Camp Edwards, Upper Cape Cod, Massachusetts

Bunnies and UXO

"Scrub oak is a resilient plant," says John Kelly, a biologist with the U.S. Army at Camp Edwards, a 14,000-acre National Guard training center 50 miles southeast of Boston.

Cottontail about to be fitted with radio-collar

This New England cottontail will be outfitted with a radio-collar, then monitored by Army biologists./J. Kelly

"A howitzer shell can land right on a scrub oak, and the plant will survive," Kelly says. "The upper stems may be obliterated, but the root system will send up new shoots." In times past, artillery rounds sparked fires on parts of Camp Edwards, leaving burn scars that today are stiff with scrub oak, which shrugs off fire as readily as it survives being blown up.

Camp Edwards, in Barnstable County, is the largest chunk of undeveloped land on upper Cape Cod. It includes some great young-forest habitat: 2,200 acres known as the Impact Area, an artillery practice zone from World War II until 1996.

The Impact Area

The Impact Area is the best remaining habitat for New England cottontails on Cape Cod. "It may support the largest remaining population of New England cottontails anywhere in the species' range," Kelly says. The New England cottontail needs dense brush where it can feed on plants while evading hawks, owls, foxes, and coyotes. Today this regional rabbit is rare and getting rarer, with the U.S. Fish and Wildlife Service currently considering listing it as an endangered species. (To learn more about the New England cottontail, visit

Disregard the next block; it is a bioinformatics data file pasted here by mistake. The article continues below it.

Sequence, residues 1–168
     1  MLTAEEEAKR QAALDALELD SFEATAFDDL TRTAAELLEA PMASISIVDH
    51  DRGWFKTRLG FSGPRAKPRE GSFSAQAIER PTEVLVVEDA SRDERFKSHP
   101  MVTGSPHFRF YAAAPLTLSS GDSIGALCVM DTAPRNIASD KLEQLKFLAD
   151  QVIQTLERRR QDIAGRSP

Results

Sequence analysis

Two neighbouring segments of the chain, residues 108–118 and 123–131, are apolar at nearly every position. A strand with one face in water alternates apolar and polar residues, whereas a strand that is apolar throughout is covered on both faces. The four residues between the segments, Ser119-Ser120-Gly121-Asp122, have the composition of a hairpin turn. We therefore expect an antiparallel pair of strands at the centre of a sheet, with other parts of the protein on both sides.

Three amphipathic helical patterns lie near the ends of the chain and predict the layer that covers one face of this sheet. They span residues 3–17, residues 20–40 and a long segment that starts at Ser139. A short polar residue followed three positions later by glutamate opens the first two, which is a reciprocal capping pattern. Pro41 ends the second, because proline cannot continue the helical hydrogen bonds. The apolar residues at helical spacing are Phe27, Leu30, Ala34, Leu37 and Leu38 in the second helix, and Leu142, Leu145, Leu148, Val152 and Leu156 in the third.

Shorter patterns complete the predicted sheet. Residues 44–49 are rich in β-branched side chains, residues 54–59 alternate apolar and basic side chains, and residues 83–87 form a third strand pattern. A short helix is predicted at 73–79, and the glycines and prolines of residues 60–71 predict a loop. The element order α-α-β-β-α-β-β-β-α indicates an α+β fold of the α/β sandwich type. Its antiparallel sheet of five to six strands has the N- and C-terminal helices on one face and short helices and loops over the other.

"On Camp Edwards, it's all about the scrub oak," Kelly continues, describing the tough, head-high tree with wry humor: "That plant will rip the shirt off your back, knock your hat off, and steal your radio." The relatively open canopy in a stand of young scrub oak lets enough light reach the ground so that other wildlife food plants grow densely – plants like huckleberry, blueberry, and assorted weeds and grasses.

Dense scrub-oak habitat

Measuring density of scrub oak. New England cottontails love such thickets./J. Kelly

"This tangled habitat provides a home for cottontails, along with birds like Eastern towhees and brown thrashers and reptiles like box turtles," Kelly says. In all, more than 65 kinds of wildlife need young forest and shrubland for their very existence.

Kelly and fellow biologist Annie Curtis are studying how New England cottontails use scrub-oak habitat. They set traps on the edges of roads that cross the Impact Area and put radio-collars on the rabbits they capture. The biologists check the bunnies' locations four times a week. Kelly and Curtis keep to the roads and don't set foot inside the Impact Area where the rabbits roam: They don't want to chance stumbling onto UXO, a military acronym for unexploded ordnance, dangerous devices that can range from live hand grenades to large explosive shells.